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23andMe hack: company blames its users

Fourteen hundred accounts behind the chain reaction data breach used recycled passwords, available in cybercriminal “directories”.

Antifraud action - January 11, 2024

On January 3, 2024, TechCrunch revealed that the general-public DNA testing specialist 23andMe cleared itself of any wrongdoing following the cyberattack it suffered, in a letter in mid-December 2023. In early December 2023, cybercriminals managed to steal the personal data of 6.9 million customers, which was then sold on the dark web. The stolen data did not comprise any genetic information.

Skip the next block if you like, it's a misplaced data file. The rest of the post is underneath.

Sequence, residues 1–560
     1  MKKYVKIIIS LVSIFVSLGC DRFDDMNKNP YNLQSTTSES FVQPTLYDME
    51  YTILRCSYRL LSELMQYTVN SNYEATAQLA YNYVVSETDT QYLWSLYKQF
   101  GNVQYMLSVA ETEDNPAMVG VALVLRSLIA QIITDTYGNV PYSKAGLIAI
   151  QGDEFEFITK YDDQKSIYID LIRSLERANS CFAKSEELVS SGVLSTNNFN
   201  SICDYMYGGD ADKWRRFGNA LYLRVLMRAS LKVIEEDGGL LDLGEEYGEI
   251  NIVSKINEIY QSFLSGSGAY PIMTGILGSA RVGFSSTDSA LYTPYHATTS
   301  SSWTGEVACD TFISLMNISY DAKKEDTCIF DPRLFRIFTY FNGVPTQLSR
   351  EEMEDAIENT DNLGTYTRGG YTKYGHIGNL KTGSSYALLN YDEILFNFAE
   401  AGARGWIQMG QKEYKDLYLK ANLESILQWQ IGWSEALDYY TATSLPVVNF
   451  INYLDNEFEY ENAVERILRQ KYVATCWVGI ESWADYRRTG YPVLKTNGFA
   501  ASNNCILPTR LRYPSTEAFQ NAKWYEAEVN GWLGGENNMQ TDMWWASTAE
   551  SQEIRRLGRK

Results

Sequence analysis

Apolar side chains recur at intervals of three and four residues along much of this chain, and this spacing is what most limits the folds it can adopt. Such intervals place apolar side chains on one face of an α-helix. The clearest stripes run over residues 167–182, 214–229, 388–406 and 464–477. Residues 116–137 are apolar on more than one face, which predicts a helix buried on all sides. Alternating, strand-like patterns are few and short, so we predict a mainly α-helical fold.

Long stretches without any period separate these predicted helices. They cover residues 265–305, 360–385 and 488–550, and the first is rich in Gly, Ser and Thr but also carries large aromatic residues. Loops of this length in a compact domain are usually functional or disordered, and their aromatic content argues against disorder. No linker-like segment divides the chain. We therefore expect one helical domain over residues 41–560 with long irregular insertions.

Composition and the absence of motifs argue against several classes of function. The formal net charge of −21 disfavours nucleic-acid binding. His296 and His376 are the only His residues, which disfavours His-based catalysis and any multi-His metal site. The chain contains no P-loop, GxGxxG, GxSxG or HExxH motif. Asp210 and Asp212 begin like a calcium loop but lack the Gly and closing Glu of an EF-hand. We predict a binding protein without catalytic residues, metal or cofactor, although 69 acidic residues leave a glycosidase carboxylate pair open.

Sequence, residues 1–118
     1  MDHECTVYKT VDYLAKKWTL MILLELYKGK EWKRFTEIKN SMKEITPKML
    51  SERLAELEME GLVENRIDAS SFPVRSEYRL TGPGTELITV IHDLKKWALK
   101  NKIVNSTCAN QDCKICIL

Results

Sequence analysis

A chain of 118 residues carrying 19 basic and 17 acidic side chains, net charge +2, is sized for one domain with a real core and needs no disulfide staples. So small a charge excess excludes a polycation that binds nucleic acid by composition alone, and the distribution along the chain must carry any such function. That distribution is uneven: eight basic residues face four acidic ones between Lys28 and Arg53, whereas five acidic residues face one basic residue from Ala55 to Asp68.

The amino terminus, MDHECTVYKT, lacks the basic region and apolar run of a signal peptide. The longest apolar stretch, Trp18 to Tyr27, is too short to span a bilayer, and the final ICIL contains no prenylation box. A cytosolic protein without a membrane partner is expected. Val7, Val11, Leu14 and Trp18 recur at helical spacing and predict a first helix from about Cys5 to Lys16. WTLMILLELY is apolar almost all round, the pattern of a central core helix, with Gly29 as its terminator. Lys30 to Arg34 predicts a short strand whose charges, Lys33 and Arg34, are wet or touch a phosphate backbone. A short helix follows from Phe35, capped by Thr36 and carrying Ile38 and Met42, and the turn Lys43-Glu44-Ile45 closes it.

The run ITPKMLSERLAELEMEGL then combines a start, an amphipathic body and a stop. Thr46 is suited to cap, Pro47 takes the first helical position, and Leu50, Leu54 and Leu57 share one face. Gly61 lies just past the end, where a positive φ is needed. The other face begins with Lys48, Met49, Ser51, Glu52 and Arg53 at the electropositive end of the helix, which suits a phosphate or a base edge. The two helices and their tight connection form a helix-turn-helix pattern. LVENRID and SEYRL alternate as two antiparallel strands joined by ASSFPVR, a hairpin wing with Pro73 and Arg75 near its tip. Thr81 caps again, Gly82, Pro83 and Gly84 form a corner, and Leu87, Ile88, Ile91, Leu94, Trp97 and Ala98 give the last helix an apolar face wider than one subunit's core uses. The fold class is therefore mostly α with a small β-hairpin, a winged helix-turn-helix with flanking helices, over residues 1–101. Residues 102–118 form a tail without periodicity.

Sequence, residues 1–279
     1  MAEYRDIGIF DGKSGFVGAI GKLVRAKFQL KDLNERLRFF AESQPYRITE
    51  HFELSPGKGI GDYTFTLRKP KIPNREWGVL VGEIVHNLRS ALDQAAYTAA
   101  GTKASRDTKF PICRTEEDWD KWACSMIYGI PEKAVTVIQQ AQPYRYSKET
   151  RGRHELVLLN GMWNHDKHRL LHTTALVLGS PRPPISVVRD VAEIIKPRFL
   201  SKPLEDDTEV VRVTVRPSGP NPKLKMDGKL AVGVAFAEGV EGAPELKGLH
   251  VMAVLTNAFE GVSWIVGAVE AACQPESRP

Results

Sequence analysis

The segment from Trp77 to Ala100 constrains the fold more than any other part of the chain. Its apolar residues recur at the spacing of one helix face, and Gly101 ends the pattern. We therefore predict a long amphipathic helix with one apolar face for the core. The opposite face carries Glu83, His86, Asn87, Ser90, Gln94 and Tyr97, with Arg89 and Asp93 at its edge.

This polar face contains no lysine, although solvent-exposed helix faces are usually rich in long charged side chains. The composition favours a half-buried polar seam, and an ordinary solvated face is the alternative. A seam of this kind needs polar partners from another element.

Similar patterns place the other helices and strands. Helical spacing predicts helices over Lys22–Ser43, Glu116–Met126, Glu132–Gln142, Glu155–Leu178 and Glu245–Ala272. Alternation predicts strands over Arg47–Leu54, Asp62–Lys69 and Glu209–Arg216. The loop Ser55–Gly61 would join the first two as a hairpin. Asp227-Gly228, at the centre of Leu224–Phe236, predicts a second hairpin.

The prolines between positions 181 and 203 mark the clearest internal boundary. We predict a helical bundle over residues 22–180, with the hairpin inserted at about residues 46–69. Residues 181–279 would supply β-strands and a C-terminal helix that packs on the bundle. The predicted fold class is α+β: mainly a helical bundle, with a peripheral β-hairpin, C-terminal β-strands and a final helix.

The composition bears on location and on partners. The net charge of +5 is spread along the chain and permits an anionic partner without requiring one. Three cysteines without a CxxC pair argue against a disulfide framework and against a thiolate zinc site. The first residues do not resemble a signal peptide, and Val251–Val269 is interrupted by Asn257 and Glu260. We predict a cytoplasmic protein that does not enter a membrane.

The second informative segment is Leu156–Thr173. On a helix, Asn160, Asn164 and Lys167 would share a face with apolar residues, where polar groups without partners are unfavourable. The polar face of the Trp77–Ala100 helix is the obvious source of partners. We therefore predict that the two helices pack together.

23andMe lays the blame on its customers’ negligence, claiming they reused old passwords for their accounts, passwords that had been compromised. “Consequently, the incident is not due to a supposed failure by 23andMe to guarantee adequate computer security,” writes the company.

The cybercriminals managed to log into 14,000 23andMe accounts by using credential stuffing. The technique involves trying email address and password combinations, particularly ones that have leaked in the past, and which are available in cybercriminal “directories”. With the 14,000 accounts, the hackers managed to access half of 23andMe’s users thanks to an information-sharing feature.

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